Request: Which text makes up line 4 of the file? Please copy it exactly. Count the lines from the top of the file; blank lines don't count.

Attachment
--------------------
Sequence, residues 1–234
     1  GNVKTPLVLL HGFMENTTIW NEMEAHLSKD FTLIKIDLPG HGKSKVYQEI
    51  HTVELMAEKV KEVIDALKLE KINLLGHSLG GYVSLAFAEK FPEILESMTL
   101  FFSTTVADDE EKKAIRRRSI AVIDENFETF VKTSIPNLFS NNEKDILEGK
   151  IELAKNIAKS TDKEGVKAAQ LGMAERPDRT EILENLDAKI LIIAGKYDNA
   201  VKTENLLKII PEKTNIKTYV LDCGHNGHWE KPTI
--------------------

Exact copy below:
   101  FFSTTVADDE EKKAIRRRSI AVIDENFETF VKTSIPNLFS NNEKDILEGK